I want to construct a Topic Map of Bibliographic Relationships to serve as an index and glossary to the literature on bibliographic relationships. In a perfect world this would extend to materials on the web and in print only, and it would actually be "completed."
My purpose is to use this exercise as a means to learn the art of Topic Maps and to spend some more time with a small portion of a topic that has been my primary focus for the last 10 months or so.
Pepper and Grønmo in "Towards a General Theory of Scope" remind us that "The topic map paradigm has its roots in efforts to understand the essential semantics of back-of-book indexes in order that they might be captured in a form suitable for computer processing. Once understood, the model of a back-of-book index was generalised in order to cover the needs of digital information, and extended to encompass glossaries and thesauri, as well as indexes."
I figure that by trying to wrap my head around the initial use of TMs I might better be able to grasp their significance and possible uses.
First, what are bibliographic relationships?
Due to limitations of time, primarily, this project will be much more restricted than even the topics and sources (occurrences) that I am already aware of in this area.
I have decided to restrict my primary context to IFLA's FRBR model of bibliographic entities. In fact, for now probably only the FRBR Group 1 entities of Work, Expression, Manifestation and Item. There are 2 more entity groups within FRBR that primarily impact responsiblity and subject relationships with the Group 1 entities. There are also, of course, other sets of bibliographic entities that could be modeled.
Just as there are different models of bibliographic entities, there are several models of bibliographic relationships. See my Reference list for 3 dissertations (Tillett, Smiraglia, Vellucci) that form the core of the canon on this topic.
I will stick with Tillett's taxonomy of 7 types of bibliographic relationships, primarily. The beauty of her taxonomy for my learning purposes is that while it consists of only 7 types of relationships, these types form several hiearchies. Tillett also kindly points out in a few places where relationships defined by the UNIMARC standard match hers. Thus, I have an easily available scoping mechanism for some of my topics.
The bottom bulleted line, in red, are additional types of bibliographic relationships that Tillett mentions elsewhere that could be modeled in a more complete representation, but they are not a part of her official taxonomy.
Thus, my scope for this project in the context of this class is FRBR, and primarily the Group 1 entities, and Tillett's taxonomy of bibliographic relationships.
This slide lists some of my needs and resources for this project.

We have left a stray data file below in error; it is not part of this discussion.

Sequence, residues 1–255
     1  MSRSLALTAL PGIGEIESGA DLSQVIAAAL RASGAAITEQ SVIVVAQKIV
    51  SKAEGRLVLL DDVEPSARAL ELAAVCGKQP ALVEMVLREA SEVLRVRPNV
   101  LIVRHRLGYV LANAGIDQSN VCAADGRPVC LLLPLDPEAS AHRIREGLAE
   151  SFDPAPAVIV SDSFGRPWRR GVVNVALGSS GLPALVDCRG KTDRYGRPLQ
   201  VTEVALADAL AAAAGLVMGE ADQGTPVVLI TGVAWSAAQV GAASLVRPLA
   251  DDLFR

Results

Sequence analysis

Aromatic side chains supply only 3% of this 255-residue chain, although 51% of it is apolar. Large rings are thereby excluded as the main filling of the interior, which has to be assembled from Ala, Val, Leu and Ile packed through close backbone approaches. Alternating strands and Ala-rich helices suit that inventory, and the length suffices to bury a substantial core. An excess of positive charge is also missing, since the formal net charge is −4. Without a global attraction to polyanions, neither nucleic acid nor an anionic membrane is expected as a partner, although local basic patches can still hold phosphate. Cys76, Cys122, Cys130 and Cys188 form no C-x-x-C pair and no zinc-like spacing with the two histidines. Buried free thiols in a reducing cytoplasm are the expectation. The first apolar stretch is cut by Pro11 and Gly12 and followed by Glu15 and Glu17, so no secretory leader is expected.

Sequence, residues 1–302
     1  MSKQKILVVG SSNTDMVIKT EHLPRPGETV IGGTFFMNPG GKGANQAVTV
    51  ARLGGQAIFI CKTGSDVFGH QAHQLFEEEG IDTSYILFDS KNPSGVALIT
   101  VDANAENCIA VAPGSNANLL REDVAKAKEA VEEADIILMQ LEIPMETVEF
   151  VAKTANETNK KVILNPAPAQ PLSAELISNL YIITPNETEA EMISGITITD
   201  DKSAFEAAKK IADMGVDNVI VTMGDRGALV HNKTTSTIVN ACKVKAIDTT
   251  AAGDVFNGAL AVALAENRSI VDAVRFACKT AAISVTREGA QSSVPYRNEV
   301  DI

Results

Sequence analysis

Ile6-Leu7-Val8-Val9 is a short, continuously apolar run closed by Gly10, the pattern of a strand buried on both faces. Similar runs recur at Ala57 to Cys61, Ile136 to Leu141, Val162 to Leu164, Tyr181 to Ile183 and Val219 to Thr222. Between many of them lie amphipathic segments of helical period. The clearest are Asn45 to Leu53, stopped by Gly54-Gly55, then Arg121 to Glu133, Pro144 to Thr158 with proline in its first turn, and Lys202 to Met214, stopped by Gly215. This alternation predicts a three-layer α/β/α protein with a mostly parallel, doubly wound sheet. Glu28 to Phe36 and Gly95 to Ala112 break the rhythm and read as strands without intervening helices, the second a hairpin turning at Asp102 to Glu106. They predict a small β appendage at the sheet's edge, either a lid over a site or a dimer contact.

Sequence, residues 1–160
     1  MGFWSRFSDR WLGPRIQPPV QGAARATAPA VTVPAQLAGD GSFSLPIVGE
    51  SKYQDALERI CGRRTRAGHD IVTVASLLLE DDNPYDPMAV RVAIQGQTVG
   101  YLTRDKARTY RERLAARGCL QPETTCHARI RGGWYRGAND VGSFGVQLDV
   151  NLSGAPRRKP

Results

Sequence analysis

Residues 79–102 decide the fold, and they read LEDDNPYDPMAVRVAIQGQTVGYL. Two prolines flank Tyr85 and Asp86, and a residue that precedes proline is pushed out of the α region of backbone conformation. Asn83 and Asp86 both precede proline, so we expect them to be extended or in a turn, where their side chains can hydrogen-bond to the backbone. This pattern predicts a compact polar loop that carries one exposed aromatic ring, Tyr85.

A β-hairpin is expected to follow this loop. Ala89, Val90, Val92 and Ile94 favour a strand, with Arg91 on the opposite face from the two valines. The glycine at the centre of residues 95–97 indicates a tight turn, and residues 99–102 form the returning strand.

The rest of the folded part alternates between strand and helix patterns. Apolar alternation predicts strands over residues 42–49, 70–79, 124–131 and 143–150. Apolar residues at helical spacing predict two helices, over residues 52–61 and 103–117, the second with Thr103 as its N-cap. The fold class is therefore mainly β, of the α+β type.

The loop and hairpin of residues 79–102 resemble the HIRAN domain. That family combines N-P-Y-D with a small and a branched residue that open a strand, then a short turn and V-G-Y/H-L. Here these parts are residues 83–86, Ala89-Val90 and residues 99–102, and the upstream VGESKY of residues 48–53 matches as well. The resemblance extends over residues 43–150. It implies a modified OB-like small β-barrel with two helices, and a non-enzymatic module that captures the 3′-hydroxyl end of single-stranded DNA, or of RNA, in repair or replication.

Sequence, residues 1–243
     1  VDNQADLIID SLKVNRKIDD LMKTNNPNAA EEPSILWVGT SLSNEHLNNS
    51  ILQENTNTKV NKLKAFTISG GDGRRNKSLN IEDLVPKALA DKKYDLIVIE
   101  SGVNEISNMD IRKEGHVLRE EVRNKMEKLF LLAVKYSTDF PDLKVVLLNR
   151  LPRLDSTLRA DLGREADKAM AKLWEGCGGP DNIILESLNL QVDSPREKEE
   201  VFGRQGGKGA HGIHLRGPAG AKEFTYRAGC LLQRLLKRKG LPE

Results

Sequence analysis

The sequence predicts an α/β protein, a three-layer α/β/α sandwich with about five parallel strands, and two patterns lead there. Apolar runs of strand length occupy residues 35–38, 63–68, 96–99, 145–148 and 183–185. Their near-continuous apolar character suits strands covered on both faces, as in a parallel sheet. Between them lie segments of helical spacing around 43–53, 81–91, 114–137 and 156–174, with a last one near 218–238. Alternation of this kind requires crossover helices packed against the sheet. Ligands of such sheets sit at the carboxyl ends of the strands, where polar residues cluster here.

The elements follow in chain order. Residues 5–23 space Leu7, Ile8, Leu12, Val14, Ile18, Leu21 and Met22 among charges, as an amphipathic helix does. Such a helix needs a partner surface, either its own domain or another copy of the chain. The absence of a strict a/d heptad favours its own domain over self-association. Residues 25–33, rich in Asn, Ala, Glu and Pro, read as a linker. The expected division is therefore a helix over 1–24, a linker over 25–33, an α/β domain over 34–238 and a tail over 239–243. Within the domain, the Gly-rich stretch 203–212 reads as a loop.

I needed some addressable definitions so I created a Published Subject Indicators page. Feel free to click that link to see my PSIs. I used individual IDs on each definition so I could uniquely address each one. If you use the back space key you ought to be back at the same slide.
My subIndicatorRef for the FRBR Entities and primary relationships is (or I should say, ought to be) the HTML version of the FRBR Final Report at the IFLA site. Unfortunately it only has IDs down to the subsection level, while the individual entities are described at the sub-subsection level. When I initially used the ID for section 3.2 as the subIndicatorRef for all four entities they were all merged into Expression. Thus, as a "temporary" workaround I made my own page with section 3 of the FRBR Final Report and added the sub-subsection IDs that I needed so that I have unique subIndicatorRefs for each entity.
Many of these relationships are reciprocal.
How do I model them so they don't become merged?
My xtm file: bibRels.xtm
Bean, Carol A. and Rebecca Green, Eds. Relationships in the Organization of Knowledge. Information Science and Knowledge Management, v. 2. Dordrecht: Kluwer Academic Publishers, 2001.
Green, Rebecca. "Relationships in the Organization of Knowledge: An Overivew." In Bean & Green, Eds. Relationships in the Organization of Knowledge. Information Science and Knowledge Management, v. 2. Dordrecht: Kluwer Academic Publishers, 2001: 3-18.
IFLA Study Group on the Functional Requirements for Bibliographic Records. (1998). Functional Requirements for Bibliographic Records - Final Report [pdf version]
Pepper, Steve and Geir Ove Grønmo. Towards a General Theory of Scope. 2002.
Tillett, Barbara B. "A Taxonomy of Bibliographic Relationships." Library Library Resourcer & Technical Services 35 (2), April 1991: 150-158
Vellucci, Sherry L. (1998) "Bibliographic relationships." The Principles and future of AACR: Proceedings of the International Conference on the Principles and Future Development of AACR, Toronto, Ontario, Canada, October 23-25, 1997. Chicago: American Library Association.
Smiraglia, Richard. P. (1992). Authority control and the extent of derivative bibliographic relationships. Ph.D. dissertation, University of Chicago.
Tillett, Barbara B. (1987). Bibliographic relationships: Toward a conceptual structure of bibliographic information used in cataloging. Ph.D. dissertation, University of California, Los Angeles.
Vellucci, Sherry L. (1997). Bibliographic relationships in music catalogs. Lanham, MD: Scarecrow Press.